At 5:30 p.m. on Dec. 2, the 32nd annual Lighted Boat Parade will get underway at the Santa Cruz Harbor. It’s a free, family-friendly event which is a fun way to kick off the holidays as only a maritime community can. Boats festooned with lights — many replete with passengers in costume or signing songs — will grace the lower harbor channel until about 8 p.m. or so.
Just days after the national marine sanctuary system celebrated its 45th anniversary, a presidentially-ordered review of six sanctuaries and five marine national monuments was presented by the U.S. Secretary of Commerce to the White House on Oct. 25. It’s contents, which may recommend removal of some protections, have not been disclosed to the public.
Habitat restoration at places like Elkhorn Slough or Watsonville’s wetlands involve restoring beneficial or native plants. It’s hard work. Imagine, then, the difficulty of such a project in deep waters offshore, such as underwater Sur Ridge, 23 miles off Big Sur in waters more than 3,900 feet deep. “The water down there is pitch black and close to freezing,” said Andrew DeVogelaere, research coordinator for the Monterey Bay National Marine Sanctuary, to describe the project’s location.
Muck Rack makes it simple to find people, tweets, or articles that mention any name, keyword, company, hashtag etc. We've compiled this guide to help you make the most of your search.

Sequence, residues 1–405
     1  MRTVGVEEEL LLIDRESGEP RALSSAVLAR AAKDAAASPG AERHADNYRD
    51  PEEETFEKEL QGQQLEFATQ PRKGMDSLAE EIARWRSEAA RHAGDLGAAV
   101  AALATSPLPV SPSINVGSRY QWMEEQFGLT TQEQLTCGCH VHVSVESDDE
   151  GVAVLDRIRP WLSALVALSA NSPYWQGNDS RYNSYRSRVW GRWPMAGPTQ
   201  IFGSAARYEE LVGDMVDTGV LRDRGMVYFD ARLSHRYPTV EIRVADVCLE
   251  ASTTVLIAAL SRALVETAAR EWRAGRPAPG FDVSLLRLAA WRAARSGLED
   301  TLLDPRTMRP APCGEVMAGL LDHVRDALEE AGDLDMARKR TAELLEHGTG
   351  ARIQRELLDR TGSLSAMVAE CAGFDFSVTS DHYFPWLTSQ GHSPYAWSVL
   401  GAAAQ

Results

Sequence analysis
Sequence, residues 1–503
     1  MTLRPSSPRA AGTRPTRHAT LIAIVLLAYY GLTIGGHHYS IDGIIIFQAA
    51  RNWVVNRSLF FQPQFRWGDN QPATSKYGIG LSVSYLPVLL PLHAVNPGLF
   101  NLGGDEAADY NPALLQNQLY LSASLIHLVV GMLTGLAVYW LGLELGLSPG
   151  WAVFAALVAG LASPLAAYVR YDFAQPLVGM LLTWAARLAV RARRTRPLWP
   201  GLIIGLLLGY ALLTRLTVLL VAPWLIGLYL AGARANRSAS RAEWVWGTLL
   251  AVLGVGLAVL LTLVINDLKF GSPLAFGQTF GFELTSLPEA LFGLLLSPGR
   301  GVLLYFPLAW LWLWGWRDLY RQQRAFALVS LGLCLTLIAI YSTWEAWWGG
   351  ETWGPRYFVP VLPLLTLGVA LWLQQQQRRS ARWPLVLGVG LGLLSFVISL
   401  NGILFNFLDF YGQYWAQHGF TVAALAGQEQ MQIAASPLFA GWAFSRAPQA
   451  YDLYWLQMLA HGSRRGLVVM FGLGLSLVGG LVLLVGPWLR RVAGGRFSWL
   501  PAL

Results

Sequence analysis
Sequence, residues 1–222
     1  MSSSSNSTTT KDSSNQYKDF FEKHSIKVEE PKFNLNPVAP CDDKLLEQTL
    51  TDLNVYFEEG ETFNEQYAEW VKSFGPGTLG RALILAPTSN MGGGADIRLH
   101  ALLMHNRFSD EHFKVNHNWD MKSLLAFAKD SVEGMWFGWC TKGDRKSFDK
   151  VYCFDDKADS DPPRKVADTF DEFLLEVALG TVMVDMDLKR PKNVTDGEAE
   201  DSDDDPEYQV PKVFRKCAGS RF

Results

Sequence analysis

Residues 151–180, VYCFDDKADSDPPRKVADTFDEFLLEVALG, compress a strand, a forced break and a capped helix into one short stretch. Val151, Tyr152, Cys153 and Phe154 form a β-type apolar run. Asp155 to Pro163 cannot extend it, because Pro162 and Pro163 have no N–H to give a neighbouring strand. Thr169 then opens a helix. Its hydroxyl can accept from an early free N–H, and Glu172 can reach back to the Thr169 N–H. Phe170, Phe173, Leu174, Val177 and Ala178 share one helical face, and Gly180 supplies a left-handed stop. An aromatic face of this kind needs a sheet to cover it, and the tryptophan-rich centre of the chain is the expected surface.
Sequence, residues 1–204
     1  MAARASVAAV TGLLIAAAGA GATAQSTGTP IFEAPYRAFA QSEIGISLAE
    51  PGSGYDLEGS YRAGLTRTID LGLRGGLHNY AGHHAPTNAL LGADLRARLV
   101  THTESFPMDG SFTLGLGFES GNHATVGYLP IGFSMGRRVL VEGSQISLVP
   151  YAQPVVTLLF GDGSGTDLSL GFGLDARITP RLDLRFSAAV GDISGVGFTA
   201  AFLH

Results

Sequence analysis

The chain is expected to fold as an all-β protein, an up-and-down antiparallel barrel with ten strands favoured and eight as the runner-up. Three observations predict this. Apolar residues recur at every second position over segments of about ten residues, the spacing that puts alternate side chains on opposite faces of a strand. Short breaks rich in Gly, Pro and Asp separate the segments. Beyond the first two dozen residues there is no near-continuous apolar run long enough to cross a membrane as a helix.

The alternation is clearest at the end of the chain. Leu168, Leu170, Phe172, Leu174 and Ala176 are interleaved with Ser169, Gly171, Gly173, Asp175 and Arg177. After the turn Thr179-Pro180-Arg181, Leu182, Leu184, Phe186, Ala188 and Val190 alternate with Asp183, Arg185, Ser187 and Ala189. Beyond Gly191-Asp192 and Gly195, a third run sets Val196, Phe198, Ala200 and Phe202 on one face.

Selecting a term
Start searching tweets, articles from media outlets, articles mentioned in tweets, journalists'
names, titles and bios with some suggested searches:
Companies or Topics (e.g. iPhone, Microsoft)
Phrases (e.g. "cloud computing") — use quotes to keep the terms together
Twitter handles (e.g. @username) — returns those who have mentioned or replied to
Names (e.g. "David Pogue")
Hashtags (e.g. #sxsw, #london2012)
Bio details (e.g. vegan, Olympics, father)
Muck Rack's Advanced Search allows for many boolean operators.
Find results that mention multiple specified terms, use AND or
+. For example, ensure each result contains both Elon Musk and Mark Zuckerberg by
searching Musk AND Zuckerberg or Musk + Zuckerberg.
Use the operators OR or , to broaden your search when you'd like either of
multiple terms to appear in results. (This is the default behavior of our search when no operators
are used). For example, results will contain either cake or cookie by searching cake OR cookie or cake,cookie
Use NOT or - to subtract results from your search. For
example, searching Disney will yield results about the Walt Disney Company as well as Walt Disney
World Resort. To exclude mentions of Disney World, search for Disney -World or Disney
When using one of these operators with a phrase, enclose it in quotation marks. For example, you can
find results about smartphones excluding Apple's iPhone 4S by searching smartphone -"iPhone
Exact case matching or punctuation
If you're searching for a brand name or keyword that relies on specific punctuation marks or capitalization, you can
find results that match your exact query by adding matchcase: before the keyword you're searching for, like matchcase:E*TRADE .
Use parentheses to separate multiple
boolean phrases. For example, to find journalists talking about having fun in Disney World or
Disneyland, search for ("disney world" OR disneyland) AND fun.
An asterisk can be used to search for any variation of a root word truncated by the asterisk. For example, searching for admin* will return results for administrator, administration, administer, administered, etc.
A near operator is an AND operator where you can control the distance between the words. You can vary the distance the near operation uses by adding a forward slash and number (between 0-99) such as strawberries NEAR/10 "whipped cream", which means the strawberries must exist within 10 words of "whipped cream".